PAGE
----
which will export Exporter's own import() method into
       YourModule.  Everything will work as before but you won't
       need to include Exporter in @YourModule::ISA.

       Module Version Checking

       The Exporter module will convert an attempt to import a
       number from a module into a call to $mod-
       ule_name->require_version($value). This can be used to
       validate that the version of the module being used is
       greater than or equal to the required version.

       The Exporter module supplies a default require_version
       method which checks the value of $VERSION in the exporting
       module.

       Since the default require_version method treats the $VER-
       SION number as a simple numeric value it will regard ver-
       sion 1.10 as lower than 1.9. For this reason it is
       strongly recommended that you use numbers with at least
       two decimal places, e.g., 1.09.

       Managing Unknown Symbols

       In some situations you may want to prevent certain symbols
       from being exported. Typically this applies to extensions
       which have functions or constants that may not exist on
       some systems.

       The names of any symbols that cannot be exported should be
       listed in the @EXPORT_FAIL array.

       If a module attempts to import any of these symbols the
       Exporter will give the module an opportunity to handle the
       situation before generating an error. The Exporter will
       call an export_fail method with a list of the failed sym-
       bols:

         @failed_symbols = $module_name->export_fail(@failed_symbols);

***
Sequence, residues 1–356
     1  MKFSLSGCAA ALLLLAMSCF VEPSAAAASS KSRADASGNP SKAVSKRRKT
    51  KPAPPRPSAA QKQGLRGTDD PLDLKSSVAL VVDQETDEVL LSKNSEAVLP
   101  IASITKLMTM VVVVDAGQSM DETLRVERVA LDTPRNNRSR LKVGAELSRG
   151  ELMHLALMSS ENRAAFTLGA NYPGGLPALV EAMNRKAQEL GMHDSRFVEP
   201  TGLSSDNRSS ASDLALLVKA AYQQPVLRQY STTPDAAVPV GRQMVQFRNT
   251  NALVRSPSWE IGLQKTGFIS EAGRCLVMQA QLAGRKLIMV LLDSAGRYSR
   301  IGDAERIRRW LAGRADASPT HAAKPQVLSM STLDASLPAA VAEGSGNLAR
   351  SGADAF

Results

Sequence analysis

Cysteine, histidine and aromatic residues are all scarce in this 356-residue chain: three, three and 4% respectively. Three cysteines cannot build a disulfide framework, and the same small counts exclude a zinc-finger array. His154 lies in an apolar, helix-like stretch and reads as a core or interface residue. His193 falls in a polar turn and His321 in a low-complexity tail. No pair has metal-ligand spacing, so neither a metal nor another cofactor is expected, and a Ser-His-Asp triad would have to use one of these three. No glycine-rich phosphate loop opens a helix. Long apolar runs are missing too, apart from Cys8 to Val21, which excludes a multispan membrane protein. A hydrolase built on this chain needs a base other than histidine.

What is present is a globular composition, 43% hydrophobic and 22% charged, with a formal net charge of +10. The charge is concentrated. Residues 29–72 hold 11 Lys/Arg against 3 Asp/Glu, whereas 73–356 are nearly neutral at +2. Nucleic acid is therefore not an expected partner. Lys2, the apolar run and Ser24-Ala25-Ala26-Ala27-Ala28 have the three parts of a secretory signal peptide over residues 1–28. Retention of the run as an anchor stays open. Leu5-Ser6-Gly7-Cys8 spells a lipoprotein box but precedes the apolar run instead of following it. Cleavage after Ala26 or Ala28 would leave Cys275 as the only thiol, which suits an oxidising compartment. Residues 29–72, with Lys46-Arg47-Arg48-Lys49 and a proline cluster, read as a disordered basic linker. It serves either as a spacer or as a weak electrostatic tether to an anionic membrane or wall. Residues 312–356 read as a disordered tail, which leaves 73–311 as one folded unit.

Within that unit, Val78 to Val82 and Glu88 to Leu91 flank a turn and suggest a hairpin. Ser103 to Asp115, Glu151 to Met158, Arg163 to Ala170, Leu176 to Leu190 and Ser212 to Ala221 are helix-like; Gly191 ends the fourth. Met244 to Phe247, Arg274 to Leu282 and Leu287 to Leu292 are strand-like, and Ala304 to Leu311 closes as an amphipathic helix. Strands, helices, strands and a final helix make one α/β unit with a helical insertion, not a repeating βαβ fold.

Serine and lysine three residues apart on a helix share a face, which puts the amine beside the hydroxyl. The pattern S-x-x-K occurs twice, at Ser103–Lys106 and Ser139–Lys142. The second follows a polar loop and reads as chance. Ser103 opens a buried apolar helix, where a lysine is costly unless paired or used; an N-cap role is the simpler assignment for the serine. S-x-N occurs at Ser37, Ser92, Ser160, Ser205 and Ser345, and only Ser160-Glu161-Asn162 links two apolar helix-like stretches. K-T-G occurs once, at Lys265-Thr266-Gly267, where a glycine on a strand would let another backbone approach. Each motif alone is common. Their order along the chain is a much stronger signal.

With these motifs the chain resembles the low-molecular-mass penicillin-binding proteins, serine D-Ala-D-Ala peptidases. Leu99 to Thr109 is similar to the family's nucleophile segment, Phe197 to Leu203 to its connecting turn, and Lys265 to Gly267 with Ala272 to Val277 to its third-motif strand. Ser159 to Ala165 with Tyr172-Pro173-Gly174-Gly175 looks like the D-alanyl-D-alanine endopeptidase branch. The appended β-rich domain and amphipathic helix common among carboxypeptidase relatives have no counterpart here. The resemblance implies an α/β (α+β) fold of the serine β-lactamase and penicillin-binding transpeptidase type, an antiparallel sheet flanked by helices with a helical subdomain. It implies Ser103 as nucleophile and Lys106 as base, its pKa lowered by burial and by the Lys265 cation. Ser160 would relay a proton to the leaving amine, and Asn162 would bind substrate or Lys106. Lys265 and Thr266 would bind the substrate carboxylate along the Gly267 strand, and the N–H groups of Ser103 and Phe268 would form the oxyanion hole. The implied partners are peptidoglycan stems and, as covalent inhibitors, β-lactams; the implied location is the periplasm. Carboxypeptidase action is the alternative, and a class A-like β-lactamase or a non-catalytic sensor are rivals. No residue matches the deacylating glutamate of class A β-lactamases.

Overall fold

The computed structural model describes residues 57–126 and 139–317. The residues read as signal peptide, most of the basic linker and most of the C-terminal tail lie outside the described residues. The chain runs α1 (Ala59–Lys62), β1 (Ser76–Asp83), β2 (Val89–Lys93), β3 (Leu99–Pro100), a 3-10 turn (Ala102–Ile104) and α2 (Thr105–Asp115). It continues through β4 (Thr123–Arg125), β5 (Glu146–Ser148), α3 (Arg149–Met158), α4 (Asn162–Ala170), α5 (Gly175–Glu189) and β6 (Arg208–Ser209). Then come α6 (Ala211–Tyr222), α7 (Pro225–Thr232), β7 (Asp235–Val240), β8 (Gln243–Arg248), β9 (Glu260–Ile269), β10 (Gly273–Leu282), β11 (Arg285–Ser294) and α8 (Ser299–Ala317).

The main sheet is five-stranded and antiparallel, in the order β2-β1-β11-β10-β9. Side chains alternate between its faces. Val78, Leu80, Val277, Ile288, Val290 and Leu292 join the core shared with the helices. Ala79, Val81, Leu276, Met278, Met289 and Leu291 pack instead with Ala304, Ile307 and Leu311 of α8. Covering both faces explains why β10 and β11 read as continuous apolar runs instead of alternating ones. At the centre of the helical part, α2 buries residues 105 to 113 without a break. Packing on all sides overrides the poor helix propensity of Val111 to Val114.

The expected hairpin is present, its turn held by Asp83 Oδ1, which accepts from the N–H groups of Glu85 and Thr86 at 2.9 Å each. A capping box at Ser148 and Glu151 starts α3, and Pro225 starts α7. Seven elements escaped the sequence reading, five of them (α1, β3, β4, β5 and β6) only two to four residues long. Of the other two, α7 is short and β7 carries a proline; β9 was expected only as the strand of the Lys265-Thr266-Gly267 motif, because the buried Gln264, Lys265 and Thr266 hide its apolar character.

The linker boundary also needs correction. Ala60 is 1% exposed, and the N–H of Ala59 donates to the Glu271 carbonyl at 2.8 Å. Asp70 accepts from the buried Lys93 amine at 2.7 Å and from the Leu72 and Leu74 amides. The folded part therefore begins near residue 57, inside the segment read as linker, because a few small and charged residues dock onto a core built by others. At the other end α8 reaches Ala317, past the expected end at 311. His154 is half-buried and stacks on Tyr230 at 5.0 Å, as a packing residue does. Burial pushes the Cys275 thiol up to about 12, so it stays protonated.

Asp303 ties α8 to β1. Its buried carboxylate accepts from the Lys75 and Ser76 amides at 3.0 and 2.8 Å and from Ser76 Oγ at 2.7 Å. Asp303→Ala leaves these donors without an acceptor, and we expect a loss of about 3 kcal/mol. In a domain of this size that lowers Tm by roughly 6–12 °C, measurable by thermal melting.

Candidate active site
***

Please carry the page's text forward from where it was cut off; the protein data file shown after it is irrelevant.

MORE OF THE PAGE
If the export_fail method returns an empty list then no
       error is recorded and all the requested symbols are
       exported. If the returned list is not empty then an error
       is generated for each symbol and the export fails. The



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Exporter(3p)     Perl Programmers Reference Guide    Exporter(3p)


       Exporter provides a default export_fail method which sim-
       ply returns the list unchanged.

       Uses for the export_fail method include giving better
       error messages for some symbols and performing lazy archi-
       tectural checks (put more symbols into @EXPORT_FAIL by
       default and then take them out if someone actually tries
       to use them and an expensive check shows that they are
       usable on that platform).

       Tag Handling Utility Functions

       Since the symbols listed within %EXPORT_TAGS must also
       appear in either @EXPORT or @EXPORT_OK, two utility func-
       tions are provided which allow you to easily add tagged
       sets of symbols to @EXPORT or @EXPORT_OK:

         %EXPORT_TAGS = (foo => [qw(aa bb cc)], bar => [qw(aa cc dd)]);

         Exporter::export_tags('foo');     # add aa, bb and cc to @EXPORT
         Exporter::export_ok_tags('bar');  # add aa, cc and dd to @EXPORT_OK